II.b The Guardian article cited in II.a states “84% of the global population identifies with a religious group.”[2]  However, one cannot infer from such a statement that all 84% would also say they specifically believe in a God [i.e., a supreme ruler of the universe]. Thus, there is a separation of “religion” and a “belief in God.” Let’s review:
II.b.1 For example, science and religion are often pitted against one another as a demonstration of belief/non-belief in God, but former Archbishop of Canterbury, Rowan Williams, declared this a “phony war,” designating a YouGov poll [Great Britain] which found that only 16% of believers accept the Biblical creation. No, this does not say that these 16% do not believe in God,[3]  the poll clearly designates them as believers; they just don’t buy that God created the “heaven and earth”[4]  by the Genesis description. Part of the problem is swallowing the creation as a 6-day-and-each-day-is-a-24-hour-period proposition. I do not believe this myself, yet I am a firm believer in God. Even if one accepts that the Earth was where it is now that it’s “day” was a 24-hour period, one has no evidence that it was always so during the creation event. Also, as the creation event indicates the God created the heaven and the earth, the other planets in our solar system were likely part of that creation, as well. Mercury has a continuous day, always presenting one face to the Sun. Jupiter’s “day” is all of 9 hours. Does this mean that Mercury’s creation is still ongoing, and that Jupiter’s was finished in roughly 1/3 the time that Earth required when Jupiter is 318[5]  times the size of Earth?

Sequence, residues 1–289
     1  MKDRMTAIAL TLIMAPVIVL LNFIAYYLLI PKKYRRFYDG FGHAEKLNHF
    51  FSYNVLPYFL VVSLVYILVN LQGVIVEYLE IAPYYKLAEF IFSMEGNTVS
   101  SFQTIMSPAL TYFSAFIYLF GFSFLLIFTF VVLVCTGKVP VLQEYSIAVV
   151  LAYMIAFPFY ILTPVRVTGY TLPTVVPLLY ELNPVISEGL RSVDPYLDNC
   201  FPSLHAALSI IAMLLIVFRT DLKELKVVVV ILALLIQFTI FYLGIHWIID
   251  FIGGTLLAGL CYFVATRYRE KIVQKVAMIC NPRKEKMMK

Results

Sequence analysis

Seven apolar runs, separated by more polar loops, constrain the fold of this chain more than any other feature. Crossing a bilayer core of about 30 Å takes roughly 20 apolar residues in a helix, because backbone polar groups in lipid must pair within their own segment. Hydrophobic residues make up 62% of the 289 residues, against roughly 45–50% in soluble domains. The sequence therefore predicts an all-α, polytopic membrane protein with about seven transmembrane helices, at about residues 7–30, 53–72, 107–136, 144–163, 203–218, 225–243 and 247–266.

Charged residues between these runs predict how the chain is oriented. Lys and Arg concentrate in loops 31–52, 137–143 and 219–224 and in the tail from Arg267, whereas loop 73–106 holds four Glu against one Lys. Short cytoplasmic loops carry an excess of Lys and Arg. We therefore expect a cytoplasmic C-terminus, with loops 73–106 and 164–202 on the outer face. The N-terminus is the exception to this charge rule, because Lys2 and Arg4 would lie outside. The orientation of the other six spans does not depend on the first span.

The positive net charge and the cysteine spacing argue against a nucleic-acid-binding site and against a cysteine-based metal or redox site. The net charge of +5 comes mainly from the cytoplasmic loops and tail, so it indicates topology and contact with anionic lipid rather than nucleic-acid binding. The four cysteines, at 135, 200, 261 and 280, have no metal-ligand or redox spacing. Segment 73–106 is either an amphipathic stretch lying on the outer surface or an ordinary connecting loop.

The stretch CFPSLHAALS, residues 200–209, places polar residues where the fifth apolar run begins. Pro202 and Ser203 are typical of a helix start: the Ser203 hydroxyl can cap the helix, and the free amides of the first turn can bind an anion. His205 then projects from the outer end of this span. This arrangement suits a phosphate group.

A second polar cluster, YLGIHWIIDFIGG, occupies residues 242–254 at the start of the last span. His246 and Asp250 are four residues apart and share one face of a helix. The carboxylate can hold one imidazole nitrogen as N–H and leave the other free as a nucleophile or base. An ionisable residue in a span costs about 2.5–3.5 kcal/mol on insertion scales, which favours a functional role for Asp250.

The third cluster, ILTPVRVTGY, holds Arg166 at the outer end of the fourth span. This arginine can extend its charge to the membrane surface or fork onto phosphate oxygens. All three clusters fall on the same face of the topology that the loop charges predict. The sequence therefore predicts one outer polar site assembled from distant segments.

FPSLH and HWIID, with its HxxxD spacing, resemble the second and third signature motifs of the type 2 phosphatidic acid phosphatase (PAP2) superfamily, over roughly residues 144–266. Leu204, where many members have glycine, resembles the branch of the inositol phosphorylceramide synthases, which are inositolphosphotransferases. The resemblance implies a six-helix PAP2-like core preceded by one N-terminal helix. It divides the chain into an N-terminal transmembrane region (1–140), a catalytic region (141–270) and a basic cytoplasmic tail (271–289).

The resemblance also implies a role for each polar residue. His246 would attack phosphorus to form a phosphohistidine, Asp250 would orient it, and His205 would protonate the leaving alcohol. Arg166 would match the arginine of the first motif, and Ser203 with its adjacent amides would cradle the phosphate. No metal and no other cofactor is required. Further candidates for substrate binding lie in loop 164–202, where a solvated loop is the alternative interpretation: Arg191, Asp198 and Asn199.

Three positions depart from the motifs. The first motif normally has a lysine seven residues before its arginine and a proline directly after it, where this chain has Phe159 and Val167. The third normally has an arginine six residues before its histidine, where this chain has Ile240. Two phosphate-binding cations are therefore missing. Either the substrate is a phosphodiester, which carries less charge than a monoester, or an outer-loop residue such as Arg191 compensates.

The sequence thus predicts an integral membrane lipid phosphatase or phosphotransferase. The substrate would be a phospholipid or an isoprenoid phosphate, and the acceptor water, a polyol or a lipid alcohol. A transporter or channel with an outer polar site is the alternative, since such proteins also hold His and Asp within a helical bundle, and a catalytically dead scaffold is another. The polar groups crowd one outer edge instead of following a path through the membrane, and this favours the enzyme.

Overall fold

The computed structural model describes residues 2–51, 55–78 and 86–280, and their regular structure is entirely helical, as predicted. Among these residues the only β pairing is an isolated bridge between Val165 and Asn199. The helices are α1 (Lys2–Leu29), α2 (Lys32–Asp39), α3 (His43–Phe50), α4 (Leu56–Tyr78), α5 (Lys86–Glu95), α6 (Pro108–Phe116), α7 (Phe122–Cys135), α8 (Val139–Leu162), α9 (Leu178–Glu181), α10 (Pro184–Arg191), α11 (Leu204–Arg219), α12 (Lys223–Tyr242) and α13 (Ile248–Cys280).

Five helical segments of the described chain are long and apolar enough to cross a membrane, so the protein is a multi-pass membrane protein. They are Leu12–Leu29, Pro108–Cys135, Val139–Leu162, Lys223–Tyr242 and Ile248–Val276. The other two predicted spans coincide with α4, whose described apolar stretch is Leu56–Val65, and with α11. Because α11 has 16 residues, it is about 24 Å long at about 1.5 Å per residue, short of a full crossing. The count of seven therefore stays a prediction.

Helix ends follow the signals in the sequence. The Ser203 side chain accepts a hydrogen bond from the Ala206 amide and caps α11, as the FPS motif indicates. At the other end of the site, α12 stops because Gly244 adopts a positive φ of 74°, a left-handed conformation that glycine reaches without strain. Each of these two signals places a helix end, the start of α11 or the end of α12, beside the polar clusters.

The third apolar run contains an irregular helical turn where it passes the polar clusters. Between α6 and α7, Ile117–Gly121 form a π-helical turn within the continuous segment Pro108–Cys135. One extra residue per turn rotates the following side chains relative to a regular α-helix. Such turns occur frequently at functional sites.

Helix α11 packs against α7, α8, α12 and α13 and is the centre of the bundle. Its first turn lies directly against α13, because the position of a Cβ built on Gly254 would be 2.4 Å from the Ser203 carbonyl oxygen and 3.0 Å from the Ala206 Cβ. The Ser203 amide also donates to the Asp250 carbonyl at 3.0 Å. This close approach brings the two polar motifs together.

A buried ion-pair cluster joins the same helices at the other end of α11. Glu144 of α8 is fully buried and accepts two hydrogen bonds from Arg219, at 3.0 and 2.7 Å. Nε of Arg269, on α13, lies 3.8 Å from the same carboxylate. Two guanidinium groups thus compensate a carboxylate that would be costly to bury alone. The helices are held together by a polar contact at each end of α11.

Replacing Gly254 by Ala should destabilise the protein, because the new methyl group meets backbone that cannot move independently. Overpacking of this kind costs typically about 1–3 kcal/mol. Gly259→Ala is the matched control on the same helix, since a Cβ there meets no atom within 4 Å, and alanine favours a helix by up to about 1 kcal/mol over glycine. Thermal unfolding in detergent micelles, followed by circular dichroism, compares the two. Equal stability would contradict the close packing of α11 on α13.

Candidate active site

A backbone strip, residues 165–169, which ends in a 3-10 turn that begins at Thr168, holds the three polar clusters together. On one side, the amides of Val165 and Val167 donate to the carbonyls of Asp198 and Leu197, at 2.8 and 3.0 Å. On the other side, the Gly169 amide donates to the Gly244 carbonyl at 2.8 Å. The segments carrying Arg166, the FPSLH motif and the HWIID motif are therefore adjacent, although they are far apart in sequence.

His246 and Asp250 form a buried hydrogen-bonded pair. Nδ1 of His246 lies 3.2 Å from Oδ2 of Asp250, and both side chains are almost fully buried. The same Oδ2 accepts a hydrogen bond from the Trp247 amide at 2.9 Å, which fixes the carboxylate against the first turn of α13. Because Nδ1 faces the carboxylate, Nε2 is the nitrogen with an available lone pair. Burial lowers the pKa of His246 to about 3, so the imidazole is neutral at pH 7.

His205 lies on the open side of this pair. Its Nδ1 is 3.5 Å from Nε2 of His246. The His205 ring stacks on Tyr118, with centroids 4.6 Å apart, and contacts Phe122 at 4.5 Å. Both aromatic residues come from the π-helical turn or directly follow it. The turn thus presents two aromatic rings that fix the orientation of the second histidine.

II.b.2 Further, the Guardian article indicates that of 3,000 international scientists, 45% are religious or spiritual.

II.b.3 A Pew Research Center poll found that while 9 in 10 Americans believe in “a higher power,” but only a slim majority believe in God as described in the Bible.”[6]  Specifically, the poll designated 3 types of beliefs and their relative percentages: 

1.     Believe in the Biblical God – 56%